A second death in Mississippi has been linked to the West Nile virus, and health officials now say there are 48 cases in the state.
The latest death, announced Tuesday, was recorded in Madison County. Officials previously had announced a death in neighboring Hinds County.
Hinds County has 20 cases of West Nile, the most in the state. The county with the second most is Pike in south Mississippi, with five cases. Rankin County, next to Hinds and Madison in the central part of the state, has four cases.
"Hinds has the most number of cases, but that's to be expected because it has the largest population density,'' said NancyKay Wessman Sullivan, a health department spokeswoman.
The 48 cases in Mississippi give the state a case rate of 1.6 per 100,000. By comparison, during an outbreak of St. Louis encephalitis in 1975, one out of every 1,000 people contracted the illness.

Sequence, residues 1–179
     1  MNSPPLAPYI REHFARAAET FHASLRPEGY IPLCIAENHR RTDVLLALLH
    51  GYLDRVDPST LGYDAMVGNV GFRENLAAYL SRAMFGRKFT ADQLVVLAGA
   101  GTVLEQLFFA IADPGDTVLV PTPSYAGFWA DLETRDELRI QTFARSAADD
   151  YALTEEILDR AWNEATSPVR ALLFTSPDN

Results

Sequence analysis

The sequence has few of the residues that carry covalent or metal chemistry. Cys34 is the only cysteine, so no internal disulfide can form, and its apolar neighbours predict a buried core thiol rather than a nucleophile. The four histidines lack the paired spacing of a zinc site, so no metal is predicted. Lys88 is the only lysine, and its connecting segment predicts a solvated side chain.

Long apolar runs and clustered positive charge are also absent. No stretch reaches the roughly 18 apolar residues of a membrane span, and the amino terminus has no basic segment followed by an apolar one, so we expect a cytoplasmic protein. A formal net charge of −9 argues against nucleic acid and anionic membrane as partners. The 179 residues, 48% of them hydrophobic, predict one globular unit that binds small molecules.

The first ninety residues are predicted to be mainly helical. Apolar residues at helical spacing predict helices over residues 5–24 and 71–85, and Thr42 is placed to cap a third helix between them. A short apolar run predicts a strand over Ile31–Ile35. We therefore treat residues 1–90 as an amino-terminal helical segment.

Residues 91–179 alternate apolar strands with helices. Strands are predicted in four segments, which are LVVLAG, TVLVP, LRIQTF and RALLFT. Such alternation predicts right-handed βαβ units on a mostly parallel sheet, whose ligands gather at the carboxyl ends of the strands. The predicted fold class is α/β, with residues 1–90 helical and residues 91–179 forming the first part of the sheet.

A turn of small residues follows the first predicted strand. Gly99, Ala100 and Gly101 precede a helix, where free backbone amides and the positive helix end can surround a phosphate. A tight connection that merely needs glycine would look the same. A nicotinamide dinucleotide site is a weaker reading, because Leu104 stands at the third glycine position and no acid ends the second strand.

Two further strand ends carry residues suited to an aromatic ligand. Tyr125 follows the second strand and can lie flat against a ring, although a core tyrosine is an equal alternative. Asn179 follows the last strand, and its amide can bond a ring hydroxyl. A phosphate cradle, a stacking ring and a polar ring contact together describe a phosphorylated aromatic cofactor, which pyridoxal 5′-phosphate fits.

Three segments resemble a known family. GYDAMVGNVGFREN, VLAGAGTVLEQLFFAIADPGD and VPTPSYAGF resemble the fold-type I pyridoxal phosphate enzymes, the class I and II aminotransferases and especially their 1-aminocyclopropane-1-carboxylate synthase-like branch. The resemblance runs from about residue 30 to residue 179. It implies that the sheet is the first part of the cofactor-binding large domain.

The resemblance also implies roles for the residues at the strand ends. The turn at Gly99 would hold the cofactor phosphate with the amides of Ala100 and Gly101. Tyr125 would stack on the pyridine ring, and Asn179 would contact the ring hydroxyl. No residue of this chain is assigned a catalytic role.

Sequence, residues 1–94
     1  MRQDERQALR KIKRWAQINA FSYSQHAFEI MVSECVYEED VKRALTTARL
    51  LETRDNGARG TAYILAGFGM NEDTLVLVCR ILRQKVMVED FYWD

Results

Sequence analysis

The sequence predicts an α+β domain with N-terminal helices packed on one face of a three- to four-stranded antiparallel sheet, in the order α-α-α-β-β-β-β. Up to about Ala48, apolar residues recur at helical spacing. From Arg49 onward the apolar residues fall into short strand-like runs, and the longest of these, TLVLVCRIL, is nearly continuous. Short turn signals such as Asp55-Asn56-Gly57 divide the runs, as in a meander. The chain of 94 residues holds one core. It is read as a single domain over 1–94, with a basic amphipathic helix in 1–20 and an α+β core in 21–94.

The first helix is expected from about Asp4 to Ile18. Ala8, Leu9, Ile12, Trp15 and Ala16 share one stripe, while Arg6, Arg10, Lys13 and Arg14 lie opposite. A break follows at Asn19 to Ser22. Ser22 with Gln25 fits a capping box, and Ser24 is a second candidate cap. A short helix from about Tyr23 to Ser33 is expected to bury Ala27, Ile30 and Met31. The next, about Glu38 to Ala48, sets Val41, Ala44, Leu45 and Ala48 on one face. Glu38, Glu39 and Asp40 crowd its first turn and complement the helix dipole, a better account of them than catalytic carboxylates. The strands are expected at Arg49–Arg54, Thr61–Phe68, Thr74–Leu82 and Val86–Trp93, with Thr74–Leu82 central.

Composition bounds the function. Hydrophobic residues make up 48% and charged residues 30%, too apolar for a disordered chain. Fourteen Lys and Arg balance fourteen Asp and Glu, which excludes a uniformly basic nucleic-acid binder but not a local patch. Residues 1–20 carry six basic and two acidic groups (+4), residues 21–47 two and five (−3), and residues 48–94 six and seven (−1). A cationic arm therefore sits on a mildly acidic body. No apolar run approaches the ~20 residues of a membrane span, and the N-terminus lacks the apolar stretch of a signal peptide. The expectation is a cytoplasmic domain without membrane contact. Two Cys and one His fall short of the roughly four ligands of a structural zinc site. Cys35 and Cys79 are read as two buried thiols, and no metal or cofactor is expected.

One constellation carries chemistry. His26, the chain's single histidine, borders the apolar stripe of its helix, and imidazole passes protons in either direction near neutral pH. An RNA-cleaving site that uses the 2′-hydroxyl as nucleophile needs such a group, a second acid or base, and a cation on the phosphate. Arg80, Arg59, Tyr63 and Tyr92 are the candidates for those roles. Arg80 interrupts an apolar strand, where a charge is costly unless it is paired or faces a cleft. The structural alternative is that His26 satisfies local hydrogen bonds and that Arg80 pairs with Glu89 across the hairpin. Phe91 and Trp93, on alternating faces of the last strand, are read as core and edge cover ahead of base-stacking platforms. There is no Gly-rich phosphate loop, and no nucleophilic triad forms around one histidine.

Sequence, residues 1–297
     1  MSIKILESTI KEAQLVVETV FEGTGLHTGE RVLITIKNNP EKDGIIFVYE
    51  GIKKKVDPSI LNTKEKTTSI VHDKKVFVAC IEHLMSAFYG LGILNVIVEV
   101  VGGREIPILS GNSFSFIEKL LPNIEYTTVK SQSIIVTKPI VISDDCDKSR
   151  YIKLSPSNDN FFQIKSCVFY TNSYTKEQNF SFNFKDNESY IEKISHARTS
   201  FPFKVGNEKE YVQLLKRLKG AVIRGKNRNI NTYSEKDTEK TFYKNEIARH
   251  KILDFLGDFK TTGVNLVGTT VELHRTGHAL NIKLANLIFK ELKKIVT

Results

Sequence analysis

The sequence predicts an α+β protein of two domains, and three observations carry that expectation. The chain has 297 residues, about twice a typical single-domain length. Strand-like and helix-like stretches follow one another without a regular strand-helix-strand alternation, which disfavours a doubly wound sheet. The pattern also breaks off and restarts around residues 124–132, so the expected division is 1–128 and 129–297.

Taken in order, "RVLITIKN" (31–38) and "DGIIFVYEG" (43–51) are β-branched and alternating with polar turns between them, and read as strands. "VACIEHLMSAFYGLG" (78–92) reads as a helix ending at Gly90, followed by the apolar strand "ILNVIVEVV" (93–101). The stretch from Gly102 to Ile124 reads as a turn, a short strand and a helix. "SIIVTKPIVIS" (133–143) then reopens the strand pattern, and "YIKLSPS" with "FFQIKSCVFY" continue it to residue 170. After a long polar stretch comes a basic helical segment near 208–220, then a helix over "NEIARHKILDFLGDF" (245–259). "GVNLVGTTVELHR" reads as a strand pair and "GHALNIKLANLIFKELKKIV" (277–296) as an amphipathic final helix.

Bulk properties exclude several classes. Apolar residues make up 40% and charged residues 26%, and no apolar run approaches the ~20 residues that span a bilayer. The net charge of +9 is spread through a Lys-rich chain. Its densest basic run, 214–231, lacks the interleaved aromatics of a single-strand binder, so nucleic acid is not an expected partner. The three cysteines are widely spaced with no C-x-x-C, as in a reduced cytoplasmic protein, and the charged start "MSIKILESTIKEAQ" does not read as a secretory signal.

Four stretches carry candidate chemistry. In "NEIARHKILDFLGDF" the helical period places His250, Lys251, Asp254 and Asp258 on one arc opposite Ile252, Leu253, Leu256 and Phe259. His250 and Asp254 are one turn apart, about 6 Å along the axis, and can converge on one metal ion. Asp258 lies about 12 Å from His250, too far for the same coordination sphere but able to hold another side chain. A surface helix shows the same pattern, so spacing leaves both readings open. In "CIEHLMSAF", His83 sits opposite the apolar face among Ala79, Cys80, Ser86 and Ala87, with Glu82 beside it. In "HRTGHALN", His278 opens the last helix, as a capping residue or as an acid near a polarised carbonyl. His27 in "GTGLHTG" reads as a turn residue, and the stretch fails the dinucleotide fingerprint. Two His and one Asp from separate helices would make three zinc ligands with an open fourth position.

Mississippi has two additional epidemiologists on loan from the Centers for Disease Control and Prevention to help with the outbreak, Sullivan said. The Department of Health gets its next batch of test results back on Thursday, she said.
The Mississippi deaths bring to nine the number of West Nile-related fatalities nationwide. Seven have died from West Nile in Louisiana, where at least 85 people have contracted the virus. More than 135 people are infected nationwide.
"We do expect that we'll continue to see additional cases,'' Sullivan said.
On Monday state officials announced a "Fight the Bite'' campaign to spread awareness of the virus. Officials say:
- Avoid mosquitoes when possible.
- Use mosquito repellent with the chemical DEET.
- Wear long-sleeved clothing outdoors, especially at dusk and dawn when mosquitoes are most active.
- Eliminate pools of standing water.
The Mississippi Emergency Management Agency is seeking federal money to increase mosquito eradication around the state, said MEMA executive director Robert Latham. He said the state needs $3.5 million to $5 million for that effort.